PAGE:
Every now and again we all need someone to talk to and no one knows that better than the volunteer team that staffs the Canadian Mental Health Association’s Interior crisis line in Williams Lake.
Organized by assistant crisis line supervisor Tina Campbell, of the CMHA’s crisis and counselling program, the lakecity team operates the interior crisis line, answering three separate phone numbers including 1-800-SUICIDE, 310Mental Health and the Interior Crisis Line’s direct number at 1-888-353-2273. They deal with all manners of calls, Campbell said, from suicide de-escalation, helping someone cope with a child, mental health checks in and more.
Currently, their crisis line team is made up around a dozen people who answer the phone for about four hours each day, next to Sunday, in the evening. They do their best to minimize the time each volunteer spends on the line so they still have time for a job, family and social life as well.
As such, she said they’re always looking for new people to undergo the training and join the group of “beautiful souls” that donate their time to being a “light on a dark day” for some of the crisis line’s callers. Anyone above the age of 19 with the time to donate a few hours each week who are able to pass a criminal background check are welcome to join the team.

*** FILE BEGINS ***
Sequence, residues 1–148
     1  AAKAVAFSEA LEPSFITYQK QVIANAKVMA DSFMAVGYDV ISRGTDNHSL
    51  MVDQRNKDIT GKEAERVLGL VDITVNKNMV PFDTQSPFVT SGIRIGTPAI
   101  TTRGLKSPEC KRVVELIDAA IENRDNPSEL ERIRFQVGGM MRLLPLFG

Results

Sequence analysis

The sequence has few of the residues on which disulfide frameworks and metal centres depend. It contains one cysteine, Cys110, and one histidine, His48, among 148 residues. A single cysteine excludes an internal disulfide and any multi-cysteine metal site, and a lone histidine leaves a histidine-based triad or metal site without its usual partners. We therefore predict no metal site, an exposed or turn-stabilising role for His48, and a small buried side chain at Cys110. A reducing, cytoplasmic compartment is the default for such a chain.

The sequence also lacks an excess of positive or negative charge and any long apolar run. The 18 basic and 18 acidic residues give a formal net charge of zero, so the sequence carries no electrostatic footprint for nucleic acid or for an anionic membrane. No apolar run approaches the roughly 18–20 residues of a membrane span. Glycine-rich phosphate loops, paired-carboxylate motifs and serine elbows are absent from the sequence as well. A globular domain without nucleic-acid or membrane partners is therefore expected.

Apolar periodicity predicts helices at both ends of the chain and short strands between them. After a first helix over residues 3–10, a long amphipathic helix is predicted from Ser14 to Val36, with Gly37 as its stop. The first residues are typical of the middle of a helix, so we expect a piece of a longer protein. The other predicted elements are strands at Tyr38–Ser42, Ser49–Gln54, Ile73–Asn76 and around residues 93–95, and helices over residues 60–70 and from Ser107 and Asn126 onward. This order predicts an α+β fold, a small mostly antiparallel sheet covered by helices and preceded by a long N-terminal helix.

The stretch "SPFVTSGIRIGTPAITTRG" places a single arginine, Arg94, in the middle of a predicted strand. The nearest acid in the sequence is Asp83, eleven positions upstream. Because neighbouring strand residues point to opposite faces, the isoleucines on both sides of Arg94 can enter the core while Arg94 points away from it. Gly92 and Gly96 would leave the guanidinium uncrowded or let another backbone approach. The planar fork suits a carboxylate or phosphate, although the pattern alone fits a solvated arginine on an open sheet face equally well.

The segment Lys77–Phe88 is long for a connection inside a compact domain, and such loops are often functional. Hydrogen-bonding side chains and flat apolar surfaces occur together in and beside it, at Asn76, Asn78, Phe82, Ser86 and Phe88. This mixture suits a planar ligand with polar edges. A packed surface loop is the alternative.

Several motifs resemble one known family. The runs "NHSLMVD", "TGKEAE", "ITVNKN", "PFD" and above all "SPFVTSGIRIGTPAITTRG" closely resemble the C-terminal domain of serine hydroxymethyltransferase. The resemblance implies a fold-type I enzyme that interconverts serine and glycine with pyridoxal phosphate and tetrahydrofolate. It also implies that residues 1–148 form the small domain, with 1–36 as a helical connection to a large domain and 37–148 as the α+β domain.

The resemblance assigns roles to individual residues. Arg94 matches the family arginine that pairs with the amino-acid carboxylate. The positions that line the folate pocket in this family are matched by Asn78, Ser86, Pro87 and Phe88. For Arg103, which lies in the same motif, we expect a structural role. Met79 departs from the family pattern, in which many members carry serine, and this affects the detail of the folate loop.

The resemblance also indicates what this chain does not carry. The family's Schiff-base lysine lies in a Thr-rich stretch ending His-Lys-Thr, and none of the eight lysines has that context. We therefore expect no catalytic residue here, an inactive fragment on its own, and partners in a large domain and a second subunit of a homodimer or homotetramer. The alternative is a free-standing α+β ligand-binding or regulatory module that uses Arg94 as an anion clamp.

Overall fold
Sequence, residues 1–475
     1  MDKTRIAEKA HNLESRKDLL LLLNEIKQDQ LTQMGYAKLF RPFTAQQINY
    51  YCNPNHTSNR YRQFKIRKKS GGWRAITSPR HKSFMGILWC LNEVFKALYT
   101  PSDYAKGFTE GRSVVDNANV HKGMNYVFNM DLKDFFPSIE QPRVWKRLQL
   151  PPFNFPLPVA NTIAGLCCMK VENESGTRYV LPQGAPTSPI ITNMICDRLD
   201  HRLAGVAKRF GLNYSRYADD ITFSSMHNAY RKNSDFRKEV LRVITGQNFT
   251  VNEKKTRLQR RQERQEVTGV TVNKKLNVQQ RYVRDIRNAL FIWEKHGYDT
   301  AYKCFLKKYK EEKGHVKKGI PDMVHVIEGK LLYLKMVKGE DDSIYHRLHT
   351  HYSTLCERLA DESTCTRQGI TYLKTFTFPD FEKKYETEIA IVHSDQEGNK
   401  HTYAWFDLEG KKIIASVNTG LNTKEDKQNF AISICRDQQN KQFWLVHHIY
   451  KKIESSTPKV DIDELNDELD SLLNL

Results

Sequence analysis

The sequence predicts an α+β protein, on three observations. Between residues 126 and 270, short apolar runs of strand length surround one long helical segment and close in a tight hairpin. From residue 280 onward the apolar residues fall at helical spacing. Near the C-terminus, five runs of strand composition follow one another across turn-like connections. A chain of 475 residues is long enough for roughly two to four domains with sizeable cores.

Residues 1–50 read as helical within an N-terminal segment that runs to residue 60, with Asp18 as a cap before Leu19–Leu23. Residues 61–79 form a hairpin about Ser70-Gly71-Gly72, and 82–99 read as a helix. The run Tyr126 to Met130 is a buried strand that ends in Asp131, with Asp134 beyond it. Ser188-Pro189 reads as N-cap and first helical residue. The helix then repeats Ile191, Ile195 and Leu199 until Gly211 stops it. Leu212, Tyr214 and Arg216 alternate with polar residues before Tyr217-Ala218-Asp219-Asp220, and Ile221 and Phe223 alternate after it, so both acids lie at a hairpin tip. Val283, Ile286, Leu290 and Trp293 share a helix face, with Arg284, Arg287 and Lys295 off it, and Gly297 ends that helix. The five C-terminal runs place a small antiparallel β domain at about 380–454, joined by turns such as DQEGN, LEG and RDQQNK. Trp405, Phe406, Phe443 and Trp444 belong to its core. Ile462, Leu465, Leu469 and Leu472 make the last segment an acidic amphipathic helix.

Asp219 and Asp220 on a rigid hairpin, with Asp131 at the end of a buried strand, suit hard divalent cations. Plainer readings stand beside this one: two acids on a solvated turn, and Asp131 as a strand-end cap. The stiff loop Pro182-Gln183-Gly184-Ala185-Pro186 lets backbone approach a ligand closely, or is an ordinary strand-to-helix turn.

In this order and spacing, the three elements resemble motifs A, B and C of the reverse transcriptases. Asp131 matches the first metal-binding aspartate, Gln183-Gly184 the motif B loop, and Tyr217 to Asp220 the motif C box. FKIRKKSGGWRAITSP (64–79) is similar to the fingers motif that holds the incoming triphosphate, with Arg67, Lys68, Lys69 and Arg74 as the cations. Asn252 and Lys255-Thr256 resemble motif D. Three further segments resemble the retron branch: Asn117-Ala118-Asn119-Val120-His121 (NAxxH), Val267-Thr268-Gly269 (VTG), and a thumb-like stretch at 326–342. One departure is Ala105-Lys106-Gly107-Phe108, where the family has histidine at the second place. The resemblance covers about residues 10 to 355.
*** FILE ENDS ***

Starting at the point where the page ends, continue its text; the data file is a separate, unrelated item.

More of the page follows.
“I always feel, the more the merrier lots of hands make light work,” Campbell said. “Hearing the cries of the world is not easy, so we don’t want to burn out our people.”
She hopes that at least six to eight people will sign up for crisis line training this spring which begins on March 31 and goes every Tuesday and Thursday for the next six weeks from 6 p.m. to 9 p.m. Those interested in signing up can do so by coming into the CMHA office, across the street from the old Safeway building at 51 4 Ave S or by calling 250-398-8220 ext 2032 for Campbell.
To anyone on the fence about volunteering, Campbell said she likes the work they on the crisis line as similar to the random acts of kindness people do each day helping those in need, like carrying someone’s groceries or asking how they’re doing.
“We give people tools to help one another in a healthy way,” Campbell said. “The tools you learn in our training will benefit you not only on the line but in life. It’s truly life-changing.”